“Yes, Sir, sorry, Sir.”

“Right then. The point is this: we don't want just anyone flying aircraft, do we? No, it should be made as fiendishly difficult as possible – like trying to race a three legged horse in the Derby. Now, these automobiles are becoming popular. You, Barrington, what's the trickiest little devil you've ever driven?”

“Well, Sir, I drove a damned temperamental little blighter with only three wheels once. A Morgan Super Sports Aero, Sir. A jolly fine car, Sir, but damned dangerous in the bends.”

“Yes, I know what you mean, ol' boy. Old Taffers had one, damned near killed him. So, three wheels it is, then. The Morgan had a single wheel at the back, if I remember correctly. Let’s put it at the front. Should liven things up a little.”

“Yes, Sir, and how about steering with the feet?”

“Ah, rather a like a soap box cart! Sterling idea, Barrington.”

And so on. Having said that, a plane doesn't have corners so we can't employ a conventional car design and put a wheel at each corner. Planes are also characteristically thin at the front end so it would be tricky fitting two wheels further than a few feet apart, particularly if you wanted to tuck them away after take-off (which we do). So designers are a bit constrained.

Off we scream, then, accelerating to around 150 mph in our giant Reliant Robin, pressing on pedals to keep the thing off the grass, and hitting all the cat's eyes (or centre line lights) with our centrally located front wheel. That's the beating noise you hear when taxiing or taking off; it's not a bandsman in the cargo hold banging away on his bass drum.

Now, a conscientious pilot might think about steering slightly right or left of the centre line, just to stop the passengers freaking out as the aircraft accelerates and the beating noise turns into drum roll. But there aren’t many such pilots left.

More entertaining, though, is if you have two closely spaced parallel wheels at the front (which is common), and you're quite skilful, you can try and sit the two wheels either side of the lights, then gain points for each one you hit. At the end of the day you tally up the points and the pilot with the fewest points wins! It keeps us amused.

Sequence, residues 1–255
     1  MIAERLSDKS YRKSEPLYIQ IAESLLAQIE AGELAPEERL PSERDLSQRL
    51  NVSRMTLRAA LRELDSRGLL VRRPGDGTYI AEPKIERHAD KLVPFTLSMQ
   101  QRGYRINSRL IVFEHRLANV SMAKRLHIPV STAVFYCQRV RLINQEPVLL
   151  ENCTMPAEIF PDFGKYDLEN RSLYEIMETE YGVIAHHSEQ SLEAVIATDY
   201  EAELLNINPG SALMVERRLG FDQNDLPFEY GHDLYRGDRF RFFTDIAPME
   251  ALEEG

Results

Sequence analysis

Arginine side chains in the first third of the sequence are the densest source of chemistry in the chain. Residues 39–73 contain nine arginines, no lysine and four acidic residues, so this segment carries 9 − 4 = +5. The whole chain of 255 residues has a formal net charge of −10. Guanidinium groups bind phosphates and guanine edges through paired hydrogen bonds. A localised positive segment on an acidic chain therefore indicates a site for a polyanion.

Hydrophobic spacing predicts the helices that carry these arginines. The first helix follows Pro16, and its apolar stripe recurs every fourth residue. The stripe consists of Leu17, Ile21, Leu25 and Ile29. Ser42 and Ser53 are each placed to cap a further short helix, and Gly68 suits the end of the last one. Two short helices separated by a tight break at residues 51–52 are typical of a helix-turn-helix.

Steering with the feet isn't intrinsically tricky, though. What makes it tricky is a howling gale blowing across the runway whilst you’re trying to keep the bugger straight.

You're trying to steer the aerodynamically shaped plane using a large fin sticking high into the air, whilst all the fin wants to do is push the aircraft in the direction of the wind. It's called weather-cocking, and it makes things more challenging. So if you're careering down the runway and the aircraft feels like its wallowing from side to side, then it is, and that’s why. Either that, or the pilot's got a trapped nerve in his leg.

Well, eventually you reach a point where, if something went wrong, you simply wouldn't be able to stop without crashing into the spotters (by day), or doggers (by night) who gather around the airport perimeter. But if you’ve done your take-off performance calculations correctly, and the stressy dispatcher has remembered what her job actually is, there should be enough runway left to get airborne even if an engine fails.